Gardening often feels like magic, but it’s not magic enough to make something out of nothing.
The trouble with many gardening systems is that the something that you have to put in ends up costing as much as what you get out. Smart gardening is as much about minimising what you have to put in as it is about making what you get out as luscious and prolific as possible. Really smart gardening – which is what I reckon permaculture is – is about finding resources that you get paid to take away – problems that you can turn into fertiliser.
An example of a problem that makes a really good garden resource is the problem of getting rid of your kitchen refuse. If you keep a box of earthworms, or a couple of chooks, you can turn the problem of what to do with all those container gardens that need cleaning out of the fridge, into the resource of nice sweet smelling rich garden soil, for next to no effort.
You can do it for so little effort that it becomes economical to take on other people’s problems, and dispose of kitchen scraps for your neighbours, your workmates, your local school, even the neighbourhood snack bar.
Another great problem to have is what to do with lawn clippings and garden refuse – your own and more interestingly, your local lawn mowing service. He probably has to pay to dump lawn clippings, and in the bigger towns he has to do an expedition to the outer suburbs as well. He’s likely to be very pleased to find a free, handy disposal site. He may well even have a mulcher to chomp up the garden prunings.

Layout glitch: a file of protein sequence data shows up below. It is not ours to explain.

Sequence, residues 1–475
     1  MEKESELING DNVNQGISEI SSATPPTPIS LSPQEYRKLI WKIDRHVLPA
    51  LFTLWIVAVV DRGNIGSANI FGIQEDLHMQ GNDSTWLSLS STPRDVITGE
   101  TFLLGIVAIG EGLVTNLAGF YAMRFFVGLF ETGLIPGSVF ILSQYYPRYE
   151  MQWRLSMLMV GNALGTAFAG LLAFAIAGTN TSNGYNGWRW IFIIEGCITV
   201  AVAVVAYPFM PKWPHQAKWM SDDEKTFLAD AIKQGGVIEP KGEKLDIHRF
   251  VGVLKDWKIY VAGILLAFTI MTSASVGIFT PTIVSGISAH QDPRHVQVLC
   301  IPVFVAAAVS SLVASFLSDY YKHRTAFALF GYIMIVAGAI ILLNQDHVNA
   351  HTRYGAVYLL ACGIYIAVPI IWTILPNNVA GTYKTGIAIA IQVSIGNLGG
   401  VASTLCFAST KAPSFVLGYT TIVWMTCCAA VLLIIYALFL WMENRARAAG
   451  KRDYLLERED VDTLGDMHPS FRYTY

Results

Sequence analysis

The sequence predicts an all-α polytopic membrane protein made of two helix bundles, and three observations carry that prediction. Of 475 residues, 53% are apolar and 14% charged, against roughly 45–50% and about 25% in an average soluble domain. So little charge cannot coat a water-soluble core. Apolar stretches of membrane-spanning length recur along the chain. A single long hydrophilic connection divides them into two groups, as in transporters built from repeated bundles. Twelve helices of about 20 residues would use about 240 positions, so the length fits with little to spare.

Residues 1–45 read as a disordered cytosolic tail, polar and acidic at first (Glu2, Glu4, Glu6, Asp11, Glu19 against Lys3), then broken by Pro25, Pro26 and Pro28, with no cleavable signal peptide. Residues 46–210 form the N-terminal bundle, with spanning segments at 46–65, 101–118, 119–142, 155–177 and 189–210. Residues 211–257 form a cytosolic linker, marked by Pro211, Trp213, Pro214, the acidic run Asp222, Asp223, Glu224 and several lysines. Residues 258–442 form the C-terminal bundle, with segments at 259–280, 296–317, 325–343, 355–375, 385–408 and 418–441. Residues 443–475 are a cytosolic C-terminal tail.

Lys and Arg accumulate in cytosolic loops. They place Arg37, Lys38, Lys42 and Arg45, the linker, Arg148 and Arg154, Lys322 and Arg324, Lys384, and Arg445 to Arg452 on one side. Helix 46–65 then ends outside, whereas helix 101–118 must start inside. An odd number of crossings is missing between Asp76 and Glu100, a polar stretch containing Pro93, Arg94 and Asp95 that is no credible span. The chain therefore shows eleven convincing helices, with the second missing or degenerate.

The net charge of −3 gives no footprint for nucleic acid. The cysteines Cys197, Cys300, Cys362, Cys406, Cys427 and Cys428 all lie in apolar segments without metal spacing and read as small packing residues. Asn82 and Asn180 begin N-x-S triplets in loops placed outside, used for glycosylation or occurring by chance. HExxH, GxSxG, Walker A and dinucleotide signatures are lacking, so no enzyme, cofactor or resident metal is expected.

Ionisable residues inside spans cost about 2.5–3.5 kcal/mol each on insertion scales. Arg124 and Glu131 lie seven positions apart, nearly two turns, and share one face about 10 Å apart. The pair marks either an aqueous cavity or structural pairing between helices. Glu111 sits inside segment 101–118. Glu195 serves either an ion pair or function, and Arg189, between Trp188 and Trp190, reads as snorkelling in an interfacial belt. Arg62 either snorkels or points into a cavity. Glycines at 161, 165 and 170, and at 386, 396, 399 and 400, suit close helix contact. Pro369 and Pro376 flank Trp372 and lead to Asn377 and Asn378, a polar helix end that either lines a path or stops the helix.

Again there’s an IF. Lawn clippings tend to matt down if you use too many without anything to balance them. But if you can track down a good local source of animal manure to go with them, preferably some that is a problem where it is, then this is compost that is worth the making.
Another example is the problem of a local creek or waterway that is clogged up with waterweeds. If you take on the job or clearing some of them out, you get a free, easily collected bulk compost ingredient, or worm food, and the credit for environmental clean-up work.. Or a local park or playing field or vacant lot that needs mowing. These resources take effort to collect. But at least you get paid double for the effort – once in kudos for the clean-up job, and once in compost for the vegetables.
The trick is to of have an eye for the resource value of everything that was once living. You need to identify every bulk source of organic matter that is within your normal range. Nothing you have to go too far out of your way for, because then it ends up costing more effort than its worth. But in every locality I’ve ever come across, there is somewhere that organic matter is accumulating in such bulk that it’s causing a problem.
Designing your gardening system around the kinds of organic matter that represent problems in your local area, is the first step in setting up a garden that operates at a profit – where what you put in doesn’t need carrots made of gold to justify it.